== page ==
(dirt scraping) – Welcome back you beautiful people. Now today we’re going to be
exploring the linguistics of mountain biking. Yes, the language that has
been somewhat developed over the years through the
mountain bike community. Now, kick it off with
the first one, Richard. – That’s quite right, Blake. Today we’re going to be
getting a little bit radical. – Oh. – Possibly a bit gnarly. – Well that’s two of them. – I know, shall we go down the trail? – Yes.
– And send it? – Let’s drop in. – Tally ho! – Henry, I mean, Richard, ha! Oh Richard, lovely day, isn’t it? – Tally ho, tally ho, what, what? – (mumbles) This trail is sick, dude. Whoa! – Oh my God. – Dude, hang on man,
this is flippin’ gnarly. So you have to jump across the road. – I’m not sure on this
one, this is a gnarly gap. If ever there was a
better descriptive word, gnarly is it for this one. – Shall we go for it? (record player screeching) – Let’s do it.
– More gnarly. – Let’s get gnarly, get,
get, get, get gnarly. – Let’s stop saying gnarly. But that is gnarly. (hard rock music) – I feel gnarly just looking at it. – Oh Rich, I’m scared! – Man, come on, just follow me in! This is gnar– – [Narrator] Gnarly. An adjective. Dangerous, yet challenging and enjoyable. (record player screeching) – Well this trail looks cool. – Yeah that looks good. – Rooty man. – There’s a lot of line
options going on there. – Do you know what roots mean in the wet? – Sketchiness.
– Sketchiness, dude. – I’m slipping trying to get up it, so coming down is going to be? – Sketchy!
– It is. – It’s going to be sketchy
with like four lines to choose. – Some ruts, some roots running across it. – Rich, what is this going to be like? – Sketchy. (hard rock music) – Oh my gosh Richie.
– Oh my God, mate! – Richard, this is so sketchy!
– Man, I’m sketchy as! – [Narrator] Sketchy. The dictionary definition of sketch, a rough or unfinished drawing or painting, often made to assist in making
a more finished picture. (record player screeching) – Maybe we should hit this trail. I heard it’s wild. – It’s super wild, I’ve heard
there’s some gnar in it, man. – There’s some proper gnar
sections coming down this one. – Proper gnar sections. (rock music) – [Narrator] Gnar. Noun, used to describe
trails or sections of trails that are dangerous or
particularly difficult to ride. Derived from gnarly. (light classical music)
– Let’s hit it, like narwhal. – Let’s do it! – Hooray. Drop in! (hard rock music) – [Narrator] Dropping in. Verb, a declaration from a
rider that they’re about to start descending down a trail and that their friends
should be aware of this. (hard rock music) – Oh dude, like, that’s why I’m slow, ’cause 29ers don’t go around
corners that quick, man. That’s why I can’t keep up with you. It’s true! – I had to stop and flip my climb switch, I had it locked out. Like, honest, it was locked
out, I couldn’t keep, I had to stop. I did, I promise! – [Narrator] Racing driver’s excuses. – I had to stop and flip my climb switch, I had it locked down. – Dude I think I running a bit too high. – Blake. Blake. Blake! Wait, there’s a funny noise. I’ll catch you in a minute, Blake. There’s a noise. (record player screeching) – Hey Rich, what’s the time? – It’s about 12 o’clock–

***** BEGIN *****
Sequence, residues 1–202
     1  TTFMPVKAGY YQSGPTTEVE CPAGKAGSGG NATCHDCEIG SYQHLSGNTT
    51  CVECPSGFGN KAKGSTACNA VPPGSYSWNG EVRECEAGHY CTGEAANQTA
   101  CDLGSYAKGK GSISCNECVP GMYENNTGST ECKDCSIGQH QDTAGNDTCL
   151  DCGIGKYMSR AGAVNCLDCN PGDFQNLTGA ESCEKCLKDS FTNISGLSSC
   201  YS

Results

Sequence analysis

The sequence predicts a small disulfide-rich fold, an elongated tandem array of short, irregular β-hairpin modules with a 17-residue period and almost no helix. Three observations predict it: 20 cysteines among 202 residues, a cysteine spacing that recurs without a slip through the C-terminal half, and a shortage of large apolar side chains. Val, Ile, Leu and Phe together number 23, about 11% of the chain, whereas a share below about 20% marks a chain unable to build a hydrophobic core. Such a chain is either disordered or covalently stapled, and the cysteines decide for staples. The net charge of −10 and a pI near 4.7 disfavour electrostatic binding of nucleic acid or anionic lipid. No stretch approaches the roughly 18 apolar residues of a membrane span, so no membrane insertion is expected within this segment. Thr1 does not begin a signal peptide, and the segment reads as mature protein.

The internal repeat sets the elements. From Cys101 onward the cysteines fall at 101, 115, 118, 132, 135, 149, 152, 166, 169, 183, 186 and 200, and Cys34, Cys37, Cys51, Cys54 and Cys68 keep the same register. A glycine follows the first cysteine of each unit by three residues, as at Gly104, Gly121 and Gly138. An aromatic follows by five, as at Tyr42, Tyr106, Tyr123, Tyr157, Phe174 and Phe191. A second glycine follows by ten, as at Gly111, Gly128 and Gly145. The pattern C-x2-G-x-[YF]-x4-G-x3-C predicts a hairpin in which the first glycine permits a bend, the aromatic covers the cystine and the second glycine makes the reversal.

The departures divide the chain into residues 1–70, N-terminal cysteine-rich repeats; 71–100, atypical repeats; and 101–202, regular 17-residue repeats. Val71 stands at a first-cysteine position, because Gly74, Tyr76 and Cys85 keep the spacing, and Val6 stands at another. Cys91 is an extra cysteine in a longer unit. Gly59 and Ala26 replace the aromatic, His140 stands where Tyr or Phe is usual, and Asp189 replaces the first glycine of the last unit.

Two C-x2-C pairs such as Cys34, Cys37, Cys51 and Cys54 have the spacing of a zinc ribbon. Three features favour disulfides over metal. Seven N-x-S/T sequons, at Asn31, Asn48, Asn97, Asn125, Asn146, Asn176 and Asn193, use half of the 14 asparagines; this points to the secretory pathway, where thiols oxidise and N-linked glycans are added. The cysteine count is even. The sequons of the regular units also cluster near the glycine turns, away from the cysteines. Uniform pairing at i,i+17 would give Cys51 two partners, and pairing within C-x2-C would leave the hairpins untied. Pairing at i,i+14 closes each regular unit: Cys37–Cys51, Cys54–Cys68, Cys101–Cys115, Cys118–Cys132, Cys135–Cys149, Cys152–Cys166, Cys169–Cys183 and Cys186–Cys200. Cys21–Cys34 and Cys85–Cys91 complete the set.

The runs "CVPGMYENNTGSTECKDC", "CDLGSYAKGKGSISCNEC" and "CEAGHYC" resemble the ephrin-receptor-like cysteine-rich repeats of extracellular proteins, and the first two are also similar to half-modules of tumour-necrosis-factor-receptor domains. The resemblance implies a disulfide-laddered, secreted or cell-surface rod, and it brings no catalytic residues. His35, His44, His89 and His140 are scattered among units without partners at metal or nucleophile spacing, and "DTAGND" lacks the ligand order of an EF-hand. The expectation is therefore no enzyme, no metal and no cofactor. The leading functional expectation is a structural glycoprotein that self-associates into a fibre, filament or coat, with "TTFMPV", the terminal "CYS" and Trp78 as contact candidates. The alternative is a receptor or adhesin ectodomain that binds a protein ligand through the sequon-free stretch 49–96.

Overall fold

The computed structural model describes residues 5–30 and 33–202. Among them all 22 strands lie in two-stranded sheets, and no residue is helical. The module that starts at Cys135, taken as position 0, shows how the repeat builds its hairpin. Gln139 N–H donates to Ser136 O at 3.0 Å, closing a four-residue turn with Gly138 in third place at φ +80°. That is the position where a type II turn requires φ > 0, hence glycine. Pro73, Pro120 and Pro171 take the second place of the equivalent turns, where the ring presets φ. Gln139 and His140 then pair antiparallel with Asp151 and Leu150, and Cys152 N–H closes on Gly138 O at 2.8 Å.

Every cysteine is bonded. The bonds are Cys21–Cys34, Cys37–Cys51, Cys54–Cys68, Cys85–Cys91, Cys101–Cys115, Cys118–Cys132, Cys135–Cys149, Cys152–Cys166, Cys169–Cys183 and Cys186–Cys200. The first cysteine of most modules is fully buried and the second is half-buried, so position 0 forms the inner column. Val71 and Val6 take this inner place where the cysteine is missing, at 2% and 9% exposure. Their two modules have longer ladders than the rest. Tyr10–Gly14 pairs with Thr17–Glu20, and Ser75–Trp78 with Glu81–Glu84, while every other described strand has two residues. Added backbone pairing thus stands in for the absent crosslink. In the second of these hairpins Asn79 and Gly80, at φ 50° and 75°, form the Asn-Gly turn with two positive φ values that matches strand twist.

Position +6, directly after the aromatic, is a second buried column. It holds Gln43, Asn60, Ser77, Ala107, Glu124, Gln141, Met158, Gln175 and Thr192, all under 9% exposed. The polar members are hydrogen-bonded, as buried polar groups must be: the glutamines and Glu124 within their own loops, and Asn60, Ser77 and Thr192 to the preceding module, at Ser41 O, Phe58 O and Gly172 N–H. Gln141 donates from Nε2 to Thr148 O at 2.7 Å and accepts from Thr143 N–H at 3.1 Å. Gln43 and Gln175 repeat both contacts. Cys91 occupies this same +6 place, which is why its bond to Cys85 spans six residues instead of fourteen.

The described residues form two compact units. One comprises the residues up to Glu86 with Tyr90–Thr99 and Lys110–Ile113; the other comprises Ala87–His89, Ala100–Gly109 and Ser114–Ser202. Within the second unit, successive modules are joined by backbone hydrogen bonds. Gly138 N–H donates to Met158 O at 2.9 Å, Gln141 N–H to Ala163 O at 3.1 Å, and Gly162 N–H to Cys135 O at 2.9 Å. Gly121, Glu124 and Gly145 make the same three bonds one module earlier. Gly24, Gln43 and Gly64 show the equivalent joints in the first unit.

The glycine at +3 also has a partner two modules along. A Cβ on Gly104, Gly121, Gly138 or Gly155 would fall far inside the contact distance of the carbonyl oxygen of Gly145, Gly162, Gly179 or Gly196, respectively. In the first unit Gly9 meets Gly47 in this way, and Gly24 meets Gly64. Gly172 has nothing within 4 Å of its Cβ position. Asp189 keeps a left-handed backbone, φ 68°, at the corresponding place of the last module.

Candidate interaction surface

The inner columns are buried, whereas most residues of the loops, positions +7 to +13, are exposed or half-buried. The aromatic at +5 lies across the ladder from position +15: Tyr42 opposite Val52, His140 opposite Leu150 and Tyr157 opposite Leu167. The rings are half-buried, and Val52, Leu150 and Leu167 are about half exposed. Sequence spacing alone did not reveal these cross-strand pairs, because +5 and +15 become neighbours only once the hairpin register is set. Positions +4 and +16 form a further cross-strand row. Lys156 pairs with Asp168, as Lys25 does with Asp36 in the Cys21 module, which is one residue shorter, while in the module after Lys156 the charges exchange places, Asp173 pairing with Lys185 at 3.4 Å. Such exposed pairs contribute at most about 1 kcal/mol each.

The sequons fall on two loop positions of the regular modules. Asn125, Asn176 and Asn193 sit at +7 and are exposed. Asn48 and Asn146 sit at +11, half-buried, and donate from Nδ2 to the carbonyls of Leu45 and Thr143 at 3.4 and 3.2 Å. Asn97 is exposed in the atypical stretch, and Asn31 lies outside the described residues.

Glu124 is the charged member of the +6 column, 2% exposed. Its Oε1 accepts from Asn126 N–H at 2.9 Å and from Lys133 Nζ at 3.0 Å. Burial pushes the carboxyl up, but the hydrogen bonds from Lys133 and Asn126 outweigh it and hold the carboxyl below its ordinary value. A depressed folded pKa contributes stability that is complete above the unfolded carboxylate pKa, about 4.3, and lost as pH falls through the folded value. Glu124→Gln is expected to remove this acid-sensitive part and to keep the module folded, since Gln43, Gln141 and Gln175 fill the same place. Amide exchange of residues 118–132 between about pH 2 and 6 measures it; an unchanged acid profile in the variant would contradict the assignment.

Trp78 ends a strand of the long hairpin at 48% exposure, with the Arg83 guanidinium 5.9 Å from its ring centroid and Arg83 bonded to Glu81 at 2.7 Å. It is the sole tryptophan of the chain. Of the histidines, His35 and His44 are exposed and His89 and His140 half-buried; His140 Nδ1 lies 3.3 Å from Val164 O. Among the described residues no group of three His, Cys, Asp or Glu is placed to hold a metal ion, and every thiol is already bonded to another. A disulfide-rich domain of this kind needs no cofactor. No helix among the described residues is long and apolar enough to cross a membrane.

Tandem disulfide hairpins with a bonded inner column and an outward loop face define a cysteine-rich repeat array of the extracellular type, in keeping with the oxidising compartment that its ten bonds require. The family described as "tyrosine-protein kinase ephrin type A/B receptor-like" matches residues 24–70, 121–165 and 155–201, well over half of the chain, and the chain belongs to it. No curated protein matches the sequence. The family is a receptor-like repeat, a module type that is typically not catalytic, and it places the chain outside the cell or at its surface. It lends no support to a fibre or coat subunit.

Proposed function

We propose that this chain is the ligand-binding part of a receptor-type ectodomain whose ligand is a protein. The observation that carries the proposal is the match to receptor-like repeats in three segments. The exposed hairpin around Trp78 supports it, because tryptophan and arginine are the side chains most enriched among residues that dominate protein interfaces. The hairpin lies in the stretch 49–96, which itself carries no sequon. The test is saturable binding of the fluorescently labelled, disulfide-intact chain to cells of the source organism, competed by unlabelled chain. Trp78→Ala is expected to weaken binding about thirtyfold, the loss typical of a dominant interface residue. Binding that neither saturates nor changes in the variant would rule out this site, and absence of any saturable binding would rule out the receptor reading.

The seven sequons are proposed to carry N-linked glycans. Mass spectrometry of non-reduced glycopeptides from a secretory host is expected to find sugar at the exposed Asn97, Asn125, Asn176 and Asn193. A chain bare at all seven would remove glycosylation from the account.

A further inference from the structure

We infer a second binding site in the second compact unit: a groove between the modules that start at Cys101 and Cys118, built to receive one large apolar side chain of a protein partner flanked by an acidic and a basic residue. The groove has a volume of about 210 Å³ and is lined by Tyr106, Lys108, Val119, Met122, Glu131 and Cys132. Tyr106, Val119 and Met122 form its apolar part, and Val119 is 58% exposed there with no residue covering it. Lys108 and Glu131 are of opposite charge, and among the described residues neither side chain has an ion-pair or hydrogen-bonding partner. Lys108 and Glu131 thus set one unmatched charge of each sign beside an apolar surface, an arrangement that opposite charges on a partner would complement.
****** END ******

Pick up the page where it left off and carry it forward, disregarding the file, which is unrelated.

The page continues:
– No dude, it’s time to get loose! (yelling) (hard rock music) – [Narrator] Getting loose. Verb meaning not being 100% in
control when riding a trail, but in a good way. – Oh jumps, I hate jumps. – Oh my God! I nearly died! (hard rock music) – [Narrator] I almost died. Phrase. An exaggeration, a harrowing
event happened during a ride that almost caused the rider to crash. Always told at the end of a piece of trail when a rider catches up with friends. (hard rock music) – Nearly died, yeah. (beatboxing) Cup of tea, cup of tea, cup of tea. Whoa, dude! You shrelped that man! Woo! Look, shrelped it, yeah! (hard rock music) – [Narrator] Shralp. A verb meaning vigorously
turn a corner so that the characteristic shrelp noise is made. – (laughing) Oh Rich, this bit looks so sick. Shall we shred it dude?
– We got to shred this place, it looks awesome.
– I’ll follow you. – Let’s go!
– Dropping in! (hard rock music) Let’s shred it. – [Narrator] Shred. Verb, meaning ride in an excited manner. – Cool nozza. – Woo! Thank you. Man this trail is sick. – That way’s too sick for me. Just shred it. – Yes! It’s so good. (light classical music) – Oh smashing day, Richard. – Real top notch stuff. – Oh yes, absolutely had
a sick time on the trail. – Terribly good. – We sent some gnar. Well hopefully this has given you somewhat of an understanding of the linguistics of a mountain biker. What sort of language they come up with out on the trail to
express their feelings. – Yes, I had a terribly fun time today, terribly fun getting sendy. – Oh yes.
– We dropped in. – We did drop in didn’t we? – Oh did we ever drop in. – Into a gnarly arse trail. – God, was it gnarly? – Yes, hopefully you’ve enjoyed
this lovely video of ours. If you would like to click
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out on some great content. – And if you’ve had a sick time, give us the thumbs up. – Yes, don’t forget, there’s
two videos on the screen, to continue to binge watch.
– Oh, smashing. – Of the GMBN, ta-rah!